Briggs & Stratton Instills Energy Efficiency within its Corporate Culture


Briggs & Stratton, the world's largest producer of gasoline engines for outdoor power equipment, joined the Better Buildings, Better Plants Challenge with the goal of reducing energy intensity by 25% in 10 years. The company was progressing towards that goal when its Energy Manager left in 2013. A subsequent gap in the hiring process left a 6 month void and energy efficiency efforts suffered a loss of focus.

Without corporate level direction, staff on plant energy teams prioritized other responsibilities and stopped proposing and implementing energy projects. Even though the energy manager position was only vacant six months, it had an outsized impact as it effectively prevented any funding for new energy projects for a whole fiscal year.

Additionally, many capital intensive improvements and lower-cost energy conservation measures had already been implemented under the previous energy manager. Without a dedicated corporate energy manager, the company found it difficult to reach beyond the low-hanging fruit, contributing to the loss of momentum behind the energy program. Consequently, Briggs & Stratton hired a new energy manager who set about rebuilding support for energy efficiency across all Briggs & Stratton sites. A key tactic that allowed the energy manager to succeed was to work with others within Briggs & Stratton to institutionalize and better integrate energy management as a key element within Briggs & Stratton’s Corporate Continuous Improvement Program. This revitalized energy efficiency efforts and spurred a renewed company-wide commitment to energy efficiency.


Briggs & Stratton’s Continuous Improvement Program, similar to many manufacturing companies, focuses on analyzing elements that map value streams throughout the company. The new Energy Manager persuaded the head of the Continuous Improvement Program to formally integrate energy efficiency into the program, giving the company’s energy management effort greater structure, accountability, and credibility. For example, the program involves examining and scoring the energy consumed per engine produced at each plant on a monthly basis. This helps each plant’s energy team get back on track.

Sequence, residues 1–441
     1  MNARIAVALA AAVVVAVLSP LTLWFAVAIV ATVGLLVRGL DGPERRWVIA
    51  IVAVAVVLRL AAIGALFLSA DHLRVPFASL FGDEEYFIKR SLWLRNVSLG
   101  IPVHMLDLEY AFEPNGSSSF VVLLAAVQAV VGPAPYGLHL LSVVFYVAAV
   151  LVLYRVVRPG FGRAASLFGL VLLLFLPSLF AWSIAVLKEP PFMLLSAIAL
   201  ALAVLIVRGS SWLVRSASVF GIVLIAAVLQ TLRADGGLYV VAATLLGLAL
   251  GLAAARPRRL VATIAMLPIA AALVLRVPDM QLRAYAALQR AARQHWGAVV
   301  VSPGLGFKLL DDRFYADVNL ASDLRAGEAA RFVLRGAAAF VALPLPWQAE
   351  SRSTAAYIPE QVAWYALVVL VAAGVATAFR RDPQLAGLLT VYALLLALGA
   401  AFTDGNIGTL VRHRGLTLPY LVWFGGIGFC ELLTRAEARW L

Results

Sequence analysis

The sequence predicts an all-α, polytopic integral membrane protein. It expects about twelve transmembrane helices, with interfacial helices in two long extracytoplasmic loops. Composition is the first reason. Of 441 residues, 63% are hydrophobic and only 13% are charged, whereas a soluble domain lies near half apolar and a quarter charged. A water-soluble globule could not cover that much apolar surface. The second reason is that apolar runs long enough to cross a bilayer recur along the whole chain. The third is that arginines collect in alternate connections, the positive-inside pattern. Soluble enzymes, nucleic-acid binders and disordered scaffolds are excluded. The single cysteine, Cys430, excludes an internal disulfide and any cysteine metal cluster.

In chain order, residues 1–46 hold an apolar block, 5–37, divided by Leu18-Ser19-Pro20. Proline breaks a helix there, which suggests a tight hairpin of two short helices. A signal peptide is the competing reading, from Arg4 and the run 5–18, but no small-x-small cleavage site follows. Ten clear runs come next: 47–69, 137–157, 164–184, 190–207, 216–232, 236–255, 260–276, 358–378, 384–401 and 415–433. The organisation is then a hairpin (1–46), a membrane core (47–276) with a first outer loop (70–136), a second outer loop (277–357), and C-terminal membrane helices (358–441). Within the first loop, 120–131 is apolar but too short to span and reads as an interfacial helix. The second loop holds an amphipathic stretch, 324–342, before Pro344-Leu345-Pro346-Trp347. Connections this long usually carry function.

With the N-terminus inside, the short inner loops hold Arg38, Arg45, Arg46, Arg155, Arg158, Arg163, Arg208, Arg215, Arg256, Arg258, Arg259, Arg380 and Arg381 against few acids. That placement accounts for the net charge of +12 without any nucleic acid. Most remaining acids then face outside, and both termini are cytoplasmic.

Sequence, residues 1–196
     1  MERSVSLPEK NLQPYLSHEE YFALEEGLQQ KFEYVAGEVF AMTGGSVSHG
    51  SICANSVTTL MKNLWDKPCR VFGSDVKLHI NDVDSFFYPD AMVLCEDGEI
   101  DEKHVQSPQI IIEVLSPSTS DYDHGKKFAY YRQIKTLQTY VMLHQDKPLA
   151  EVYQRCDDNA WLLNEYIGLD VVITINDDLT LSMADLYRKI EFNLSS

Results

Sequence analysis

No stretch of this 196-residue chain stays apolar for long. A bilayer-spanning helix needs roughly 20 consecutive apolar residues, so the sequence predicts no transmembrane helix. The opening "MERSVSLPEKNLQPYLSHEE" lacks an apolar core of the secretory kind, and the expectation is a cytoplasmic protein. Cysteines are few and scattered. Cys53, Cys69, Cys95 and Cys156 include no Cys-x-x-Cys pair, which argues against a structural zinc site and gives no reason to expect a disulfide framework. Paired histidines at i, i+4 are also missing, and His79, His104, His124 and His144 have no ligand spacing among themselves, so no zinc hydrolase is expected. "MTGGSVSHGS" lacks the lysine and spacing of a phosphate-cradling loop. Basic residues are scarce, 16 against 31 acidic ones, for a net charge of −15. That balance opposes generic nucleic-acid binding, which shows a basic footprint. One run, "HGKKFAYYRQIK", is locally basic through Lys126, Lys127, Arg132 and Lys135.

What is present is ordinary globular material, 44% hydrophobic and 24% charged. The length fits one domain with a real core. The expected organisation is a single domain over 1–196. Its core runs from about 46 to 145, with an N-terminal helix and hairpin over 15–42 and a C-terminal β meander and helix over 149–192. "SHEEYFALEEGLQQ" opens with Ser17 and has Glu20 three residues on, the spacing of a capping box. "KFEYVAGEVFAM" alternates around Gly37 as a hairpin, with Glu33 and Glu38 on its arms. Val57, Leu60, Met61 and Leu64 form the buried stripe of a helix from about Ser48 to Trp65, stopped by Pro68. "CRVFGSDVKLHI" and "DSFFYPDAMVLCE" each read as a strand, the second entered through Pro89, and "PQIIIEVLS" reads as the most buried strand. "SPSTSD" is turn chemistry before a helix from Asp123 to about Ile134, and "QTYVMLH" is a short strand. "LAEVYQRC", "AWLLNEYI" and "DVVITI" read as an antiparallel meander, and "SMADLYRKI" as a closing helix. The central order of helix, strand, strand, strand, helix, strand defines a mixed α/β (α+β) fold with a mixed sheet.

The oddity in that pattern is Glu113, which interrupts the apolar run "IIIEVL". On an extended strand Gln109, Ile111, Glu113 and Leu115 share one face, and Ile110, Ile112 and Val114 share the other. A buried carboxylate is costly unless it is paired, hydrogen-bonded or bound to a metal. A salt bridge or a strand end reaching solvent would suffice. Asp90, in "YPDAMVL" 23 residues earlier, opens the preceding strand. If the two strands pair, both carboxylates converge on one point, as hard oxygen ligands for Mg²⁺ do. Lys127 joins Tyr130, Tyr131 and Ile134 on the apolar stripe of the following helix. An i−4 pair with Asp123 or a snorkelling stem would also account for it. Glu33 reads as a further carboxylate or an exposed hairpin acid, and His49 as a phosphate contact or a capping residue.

The company’s goal was to increase energy awareness, education, and accountability organization-wide, with an eye on the Better Plants Challenge goal of reducing energy intensity at each plant location by an average of 2.5% per year.


Adding Energy Management as one of the elements of the Continuous Improvement (CI) Program led to:

  1. Re-establishing energy teams at each plant location
  2. Assigning an Energy Champion for each team
  3. Scheduling meetings to review the status of ongoing energy projects and energy-team activities
  4. Engaging a key member of the Corporate CI team to help set goals and benchmarks for the plants

Energy teams at each plant typically consist of 6-8 plant employees that are led by the location’s designated Champion, the facility manager or energy coordinator. The Champion interacts with operations managers and oversees systems like chilled water, boiler systems, vacuum systems, and substations. Additional team members can include staff from accounting, procurement, distribution, and production control.